Microsoft’s hybrid cloud effort pushed forward today, with the company announcing at its Inspire partner conference that customers can now order machines that run Azure Stack. The hardware, which has been produced in a partnership between Microsoft and server manufacturers, will essentially let customers run private instances of Microsoft Azure in their own data centers.
The system is designed for customers who want to maintain parity between their on-premises and public cloud deployments so that developers can get access to the same services that they’re used to in the public cloud while staying behind the firewall.
After a year of technical previews, Microsoft has now delivered the first release version of Azure Stack to its hardware partners so that they can finish their certification process. As Microsoft announced at its Inspire conference today, partners like Dell EMC, HPE and Lenovo will start shipping their integrated systems with Azure Stack in September. Other partners, including Huawei and Cisco, will launch their systems at some point in the near future.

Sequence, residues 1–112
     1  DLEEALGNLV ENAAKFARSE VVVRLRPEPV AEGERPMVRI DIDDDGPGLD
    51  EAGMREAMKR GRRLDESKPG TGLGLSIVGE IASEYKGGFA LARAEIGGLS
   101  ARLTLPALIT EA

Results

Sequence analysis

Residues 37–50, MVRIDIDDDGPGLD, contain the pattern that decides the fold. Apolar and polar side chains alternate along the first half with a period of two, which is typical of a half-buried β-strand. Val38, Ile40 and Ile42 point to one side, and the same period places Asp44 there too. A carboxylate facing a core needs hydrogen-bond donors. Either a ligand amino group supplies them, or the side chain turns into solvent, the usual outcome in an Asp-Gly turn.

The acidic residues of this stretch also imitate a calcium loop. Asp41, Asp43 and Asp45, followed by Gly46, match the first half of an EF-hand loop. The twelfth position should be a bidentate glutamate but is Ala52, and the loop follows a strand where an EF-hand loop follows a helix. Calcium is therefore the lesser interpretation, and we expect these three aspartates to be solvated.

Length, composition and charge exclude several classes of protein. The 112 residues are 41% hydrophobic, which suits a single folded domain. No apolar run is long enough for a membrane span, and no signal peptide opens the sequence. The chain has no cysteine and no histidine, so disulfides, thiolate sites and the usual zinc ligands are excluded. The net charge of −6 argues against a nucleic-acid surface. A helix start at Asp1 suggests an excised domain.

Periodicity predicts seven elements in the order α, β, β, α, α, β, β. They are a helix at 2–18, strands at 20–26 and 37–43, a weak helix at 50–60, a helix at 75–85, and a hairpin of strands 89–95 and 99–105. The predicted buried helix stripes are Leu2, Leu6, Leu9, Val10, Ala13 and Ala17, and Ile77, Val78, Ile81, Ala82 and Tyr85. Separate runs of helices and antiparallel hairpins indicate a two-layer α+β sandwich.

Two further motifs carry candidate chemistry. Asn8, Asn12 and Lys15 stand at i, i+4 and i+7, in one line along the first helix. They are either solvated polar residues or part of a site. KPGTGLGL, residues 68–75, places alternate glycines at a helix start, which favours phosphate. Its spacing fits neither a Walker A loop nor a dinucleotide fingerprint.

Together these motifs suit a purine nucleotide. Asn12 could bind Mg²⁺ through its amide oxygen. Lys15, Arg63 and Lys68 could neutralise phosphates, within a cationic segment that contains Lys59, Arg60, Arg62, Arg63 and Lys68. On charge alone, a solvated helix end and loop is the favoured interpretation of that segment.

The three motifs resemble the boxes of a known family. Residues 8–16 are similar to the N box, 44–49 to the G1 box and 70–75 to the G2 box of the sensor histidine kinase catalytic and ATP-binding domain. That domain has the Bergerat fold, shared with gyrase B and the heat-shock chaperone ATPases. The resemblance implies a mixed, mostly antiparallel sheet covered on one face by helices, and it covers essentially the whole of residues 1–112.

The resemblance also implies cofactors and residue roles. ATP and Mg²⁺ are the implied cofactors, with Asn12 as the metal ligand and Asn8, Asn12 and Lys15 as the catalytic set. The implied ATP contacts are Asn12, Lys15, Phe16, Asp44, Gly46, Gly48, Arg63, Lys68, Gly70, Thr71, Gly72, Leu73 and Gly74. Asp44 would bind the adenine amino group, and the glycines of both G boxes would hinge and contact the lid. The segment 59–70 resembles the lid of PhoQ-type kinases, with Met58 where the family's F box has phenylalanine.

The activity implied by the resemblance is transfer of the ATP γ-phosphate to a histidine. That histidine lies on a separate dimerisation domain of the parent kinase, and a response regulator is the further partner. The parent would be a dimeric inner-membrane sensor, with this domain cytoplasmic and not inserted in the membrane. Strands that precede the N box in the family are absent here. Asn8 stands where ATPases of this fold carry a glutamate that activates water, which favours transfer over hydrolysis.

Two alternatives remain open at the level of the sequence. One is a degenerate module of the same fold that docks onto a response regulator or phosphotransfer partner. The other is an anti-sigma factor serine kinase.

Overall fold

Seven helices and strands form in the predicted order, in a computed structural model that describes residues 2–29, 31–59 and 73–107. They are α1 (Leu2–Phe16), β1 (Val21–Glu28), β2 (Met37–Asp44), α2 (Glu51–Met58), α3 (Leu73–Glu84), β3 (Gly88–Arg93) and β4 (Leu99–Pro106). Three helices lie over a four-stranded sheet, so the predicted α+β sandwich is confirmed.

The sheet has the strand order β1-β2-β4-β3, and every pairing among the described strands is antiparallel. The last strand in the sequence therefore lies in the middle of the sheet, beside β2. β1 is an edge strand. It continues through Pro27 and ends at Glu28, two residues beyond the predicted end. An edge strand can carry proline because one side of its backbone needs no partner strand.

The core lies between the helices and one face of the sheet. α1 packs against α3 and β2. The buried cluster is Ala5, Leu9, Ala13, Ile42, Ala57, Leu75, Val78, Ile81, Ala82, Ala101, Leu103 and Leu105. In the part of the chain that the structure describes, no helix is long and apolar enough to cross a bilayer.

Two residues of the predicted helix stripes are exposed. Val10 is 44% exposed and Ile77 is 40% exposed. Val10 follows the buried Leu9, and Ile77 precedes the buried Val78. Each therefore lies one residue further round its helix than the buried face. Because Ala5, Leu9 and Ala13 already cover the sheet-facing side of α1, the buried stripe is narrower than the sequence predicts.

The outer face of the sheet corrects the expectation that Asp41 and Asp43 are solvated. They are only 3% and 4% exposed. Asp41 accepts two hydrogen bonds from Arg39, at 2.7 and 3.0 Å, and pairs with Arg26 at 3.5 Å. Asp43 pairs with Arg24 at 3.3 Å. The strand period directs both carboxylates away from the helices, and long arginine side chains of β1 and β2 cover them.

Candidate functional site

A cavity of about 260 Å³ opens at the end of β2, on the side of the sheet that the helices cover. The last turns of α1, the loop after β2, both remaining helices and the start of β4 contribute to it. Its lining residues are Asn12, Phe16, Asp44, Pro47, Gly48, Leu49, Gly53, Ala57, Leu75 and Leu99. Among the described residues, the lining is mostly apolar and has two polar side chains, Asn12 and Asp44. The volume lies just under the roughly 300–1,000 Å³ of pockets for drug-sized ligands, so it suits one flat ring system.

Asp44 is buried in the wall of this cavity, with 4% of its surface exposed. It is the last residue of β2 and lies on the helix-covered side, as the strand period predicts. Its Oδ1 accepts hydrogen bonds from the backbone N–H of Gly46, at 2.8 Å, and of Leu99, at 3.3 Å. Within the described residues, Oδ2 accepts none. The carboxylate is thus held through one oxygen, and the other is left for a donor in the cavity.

“One of the key things we truly believe is that hybrid is a key differentiator for us and a steady state for our customers,” Said Mike Neil, Microsoft’s corporate vice president for Azure Infrastructure and Management,
The exact pricing for Azure Stack hardware, including support contracts, will be up to each individual manufacturer. Microsoft is working with Dell EMC, Lenovo, HPE, Cisco, and Huawei to make the hardware available, and the first machines should be available in September.
The company has also made it easier for partners to integrate Microsoft services into their products, with an ISV Cloud Embed offering that lets partners use parts of Dynamics 365, Power BI, and other services within their applications